Repost from The Highwire with Del Bigtree.
On November 6, 2020, ICAN filed a Citizen Petition and a Petition for a Stay of Action demanding that the FDA require valid endpoints for determining efficacy in the COVID-19 vaccine trials currently being run by Pfizer, Moderna, AstraZeneca, and Johnson & Johnson. ICAN’s demands include that the vaccine be shown to prevent serious cases of COVID-19 (not just mild cases) and that it can stop transmission of COVID-19.
As explained in our previous legal updates, ICAN’s legal team has been hammering away at the safety requirements for the clinical trials of COVID-19 vaccines, including demanding they be placebo-controlled, long-term, and have other safeguards. Many of those demands were subsequently met and we are not done fighting on that front. But there is now another battle we are fighting.
ICAN’s legal team, led by Aaron Siri, has now also focused its efforts on the basis the FDA will rely upon to determine whether any of the COVID-19 vaccine frontrunners are effective. Many Americans have been led to believe that the vaccines currently in trials are the answer to all pandemic-related problems. Many believe this is because a vaccine, when available, will prevent individuals from having a serious case of COVID-19 and will stop people from spreading it to others. However, the clinical trials for Pfizer, Moderna, AstraZeneca, and Johnson & Johnson’s products are not designed to determine either of these!
Instead, each of the four trials’ primary goals for determining whether the vaccine is effective merely requires determination of whether it can reduce symptoms of mild cases of COVID-19. The trials will also not demonstrate whether or not a vaccine recipient can still transmit COVID-19 to others. This means that, under the current rules, a COVID-19 vaccine can be licensed without demonstrating it can prevent severe COVID-19, hospitalization, or deaths, nor stop the spread of COVID-19.
Also concerning is that “cases” of COVID-19 for trial purposes are being demonstrated by positive PCR tests. The scientific literature has shown that such PCR tests can be highly unreliable, frequently giving false positives. Consistent with this literature, we demanded that only positive PCR results meeting certain criteria be relied upon. ICAN also demanded that all participants be tested before and after vaccination for T-cell immunity to SARS-CoV-2, which is not currently part of the protocols. If a person has pre-existing immunity to SARS-CoV-2 (either from being exposed to COVID-19 or otherwise) their presence in the study could affect the result by showing fewer people getting sick than would actually occur in the “wild.”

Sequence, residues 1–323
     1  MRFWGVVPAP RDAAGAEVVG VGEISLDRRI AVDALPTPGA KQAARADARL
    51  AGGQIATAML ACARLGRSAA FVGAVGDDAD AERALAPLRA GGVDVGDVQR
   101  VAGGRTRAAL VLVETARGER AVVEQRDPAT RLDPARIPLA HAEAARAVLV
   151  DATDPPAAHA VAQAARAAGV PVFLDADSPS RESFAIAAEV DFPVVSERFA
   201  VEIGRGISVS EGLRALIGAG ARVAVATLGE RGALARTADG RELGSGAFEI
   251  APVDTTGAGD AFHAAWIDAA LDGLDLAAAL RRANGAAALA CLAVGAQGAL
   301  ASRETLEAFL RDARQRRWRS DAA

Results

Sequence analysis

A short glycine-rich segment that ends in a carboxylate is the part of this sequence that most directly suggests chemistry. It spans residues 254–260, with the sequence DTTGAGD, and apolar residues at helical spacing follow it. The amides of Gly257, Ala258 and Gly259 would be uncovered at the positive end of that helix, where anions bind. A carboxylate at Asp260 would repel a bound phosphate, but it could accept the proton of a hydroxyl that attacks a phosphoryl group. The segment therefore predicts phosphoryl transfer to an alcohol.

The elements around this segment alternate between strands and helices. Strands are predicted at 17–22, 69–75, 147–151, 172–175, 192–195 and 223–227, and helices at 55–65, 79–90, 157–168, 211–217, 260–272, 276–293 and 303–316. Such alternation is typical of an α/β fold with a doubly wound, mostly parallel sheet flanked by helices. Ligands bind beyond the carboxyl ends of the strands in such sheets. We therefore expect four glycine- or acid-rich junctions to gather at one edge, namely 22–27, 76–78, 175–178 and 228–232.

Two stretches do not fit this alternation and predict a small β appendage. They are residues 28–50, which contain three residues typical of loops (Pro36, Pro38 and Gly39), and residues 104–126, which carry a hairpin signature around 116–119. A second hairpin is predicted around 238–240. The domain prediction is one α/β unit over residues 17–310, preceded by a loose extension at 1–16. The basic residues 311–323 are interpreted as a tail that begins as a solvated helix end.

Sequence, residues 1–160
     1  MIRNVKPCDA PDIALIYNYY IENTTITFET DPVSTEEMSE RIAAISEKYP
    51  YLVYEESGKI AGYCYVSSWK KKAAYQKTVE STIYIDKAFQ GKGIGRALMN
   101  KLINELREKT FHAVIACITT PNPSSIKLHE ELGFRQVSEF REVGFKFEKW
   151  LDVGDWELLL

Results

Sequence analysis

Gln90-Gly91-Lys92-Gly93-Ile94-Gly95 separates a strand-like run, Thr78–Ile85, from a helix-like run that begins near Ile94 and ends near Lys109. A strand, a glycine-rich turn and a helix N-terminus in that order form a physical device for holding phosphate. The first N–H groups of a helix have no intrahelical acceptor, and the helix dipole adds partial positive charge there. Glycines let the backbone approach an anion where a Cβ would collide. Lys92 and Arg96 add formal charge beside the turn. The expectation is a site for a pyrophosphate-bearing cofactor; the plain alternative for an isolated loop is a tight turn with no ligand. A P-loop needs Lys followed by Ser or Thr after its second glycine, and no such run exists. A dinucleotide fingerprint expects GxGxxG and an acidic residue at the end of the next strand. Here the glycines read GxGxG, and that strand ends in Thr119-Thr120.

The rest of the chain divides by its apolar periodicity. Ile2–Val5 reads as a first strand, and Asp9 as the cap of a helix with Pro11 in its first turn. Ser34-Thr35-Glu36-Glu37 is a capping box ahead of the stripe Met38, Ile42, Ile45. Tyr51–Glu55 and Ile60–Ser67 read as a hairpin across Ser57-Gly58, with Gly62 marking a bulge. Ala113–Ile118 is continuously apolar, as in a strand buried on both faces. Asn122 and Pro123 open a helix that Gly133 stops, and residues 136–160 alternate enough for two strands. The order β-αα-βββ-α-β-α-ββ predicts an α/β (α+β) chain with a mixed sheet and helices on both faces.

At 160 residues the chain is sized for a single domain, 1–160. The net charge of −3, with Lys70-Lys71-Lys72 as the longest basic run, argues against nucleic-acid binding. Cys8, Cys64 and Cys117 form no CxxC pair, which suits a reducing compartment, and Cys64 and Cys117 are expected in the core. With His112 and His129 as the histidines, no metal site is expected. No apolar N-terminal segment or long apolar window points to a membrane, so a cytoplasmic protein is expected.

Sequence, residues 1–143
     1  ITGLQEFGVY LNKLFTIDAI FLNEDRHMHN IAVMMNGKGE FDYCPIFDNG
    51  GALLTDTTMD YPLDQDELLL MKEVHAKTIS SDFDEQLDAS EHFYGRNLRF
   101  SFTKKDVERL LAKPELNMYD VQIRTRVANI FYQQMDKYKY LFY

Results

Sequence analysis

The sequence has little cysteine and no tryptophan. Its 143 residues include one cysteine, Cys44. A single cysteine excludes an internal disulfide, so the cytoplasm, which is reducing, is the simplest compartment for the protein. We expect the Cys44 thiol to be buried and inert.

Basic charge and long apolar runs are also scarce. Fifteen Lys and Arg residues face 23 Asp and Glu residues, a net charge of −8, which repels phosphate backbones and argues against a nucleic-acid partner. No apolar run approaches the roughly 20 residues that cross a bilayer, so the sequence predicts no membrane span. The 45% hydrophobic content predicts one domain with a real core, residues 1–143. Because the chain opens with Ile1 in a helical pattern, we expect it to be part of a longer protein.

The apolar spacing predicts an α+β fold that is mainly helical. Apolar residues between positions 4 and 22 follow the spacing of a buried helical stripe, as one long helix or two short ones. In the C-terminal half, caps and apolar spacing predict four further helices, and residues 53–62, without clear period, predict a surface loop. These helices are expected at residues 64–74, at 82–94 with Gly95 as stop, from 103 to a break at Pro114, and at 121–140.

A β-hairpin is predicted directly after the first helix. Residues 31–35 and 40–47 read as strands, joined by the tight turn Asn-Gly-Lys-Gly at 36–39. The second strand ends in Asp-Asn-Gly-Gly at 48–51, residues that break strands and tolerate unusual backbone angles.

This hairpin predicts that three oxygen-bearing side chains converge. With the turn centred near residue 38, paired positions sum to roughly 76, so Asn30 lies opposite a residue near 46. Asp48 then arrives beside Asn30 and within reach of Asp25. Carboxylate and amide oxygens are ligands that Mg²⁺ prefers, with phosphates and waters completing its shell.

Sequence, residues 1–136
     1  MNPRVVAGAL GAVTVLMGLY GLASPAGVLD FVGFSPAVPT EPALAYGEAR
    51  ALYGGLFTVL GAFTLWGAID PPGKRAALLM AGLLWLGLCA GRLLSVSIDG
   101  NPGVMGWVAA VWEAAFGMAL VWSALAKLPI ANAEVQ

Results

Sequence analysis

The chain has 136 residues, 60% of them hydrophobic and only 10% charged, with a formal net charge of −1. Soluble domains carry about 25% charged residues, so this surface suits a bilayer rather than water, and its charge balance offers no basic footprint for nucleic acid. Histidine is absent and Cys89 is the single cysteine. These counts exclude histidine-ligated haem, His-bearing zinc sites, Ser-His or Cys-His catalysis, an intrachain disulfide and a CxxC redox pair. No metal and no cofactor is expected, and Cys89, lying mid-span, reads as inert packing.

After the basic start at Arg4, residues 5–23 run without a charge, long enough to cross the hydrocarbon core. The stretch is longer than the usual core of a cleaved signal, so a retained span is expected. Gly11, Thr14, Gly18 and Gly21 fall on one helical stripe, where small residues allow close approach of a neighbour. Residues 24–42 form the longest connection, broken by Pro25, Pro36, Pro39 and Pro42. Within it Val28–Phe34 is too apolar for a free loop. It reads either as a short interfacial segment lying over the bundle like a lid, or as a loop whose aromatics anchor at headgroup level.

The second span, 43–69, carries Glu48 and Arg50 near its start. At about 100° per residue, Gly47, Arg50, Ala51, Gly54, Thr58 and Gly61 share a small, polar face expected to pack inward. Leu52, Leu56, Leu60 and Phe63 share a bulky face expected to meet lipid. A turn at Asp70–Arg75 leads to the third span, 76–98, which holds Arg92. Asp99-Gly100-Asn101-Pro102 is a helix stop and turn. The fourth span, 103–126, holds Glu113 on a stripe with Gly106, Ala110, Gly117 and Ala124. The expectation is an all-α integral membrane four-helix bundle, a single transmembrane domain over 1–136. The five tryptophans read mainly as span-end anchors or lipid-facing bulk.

These alarming deficiencies in the studies were what led ICAN to direct its attorneys to file a petition demanding that all four Phase III COVID-19 vaccine trials amend their efficacy endpoints. ICAN demanded, among other things, that the trials test and determine (1) whether these vaccines will prevent severe cases of COVID-19; and (2) whether they will stop the spread of the virus. ICAN further demanded improvements in the PCR testing protocol and T-cell testing pre-and-post vaccination.
Recognizing the critical importance that these changes be made in a timely manner, on November 11, 2020, ICAN’s attorneys filed a Petition for a Stay of Action with the FDA which asks that the agency stay, or pause, any action related to the trials until the requested actions in the efficacy petition are implemented.
ICAN’s attorneys separately sent a letter to Dr. Peter Marks, the Director of the Center for Biologics Evaluation and Research at the FDA, bringing these very concerns to his attention. You can read that letter here. Dr. Marks has referred to himself as “the FDA point person on COVID-19 vaccines” and has assured Americans that the FDA “will make sure they’re safe and effective.” ICAN will closely review any response from Dr. Marks given his promise that he and the FDA “uphold globally respected standards for product quality, safety, and efficacy” and his statement that he would resign if “something that was unsafe or ineffective  was being put through.”
There are numerous other legal and non-legal efforts ICAN is engaged in with regard to COVID-19 vaccines that are not yet ready to be discussed here but will be featured in future updates.
f you would like to provide the FDA a comment regarding the efficacy petition we have filed regarding COVID-19 vaccines, you can do so here.
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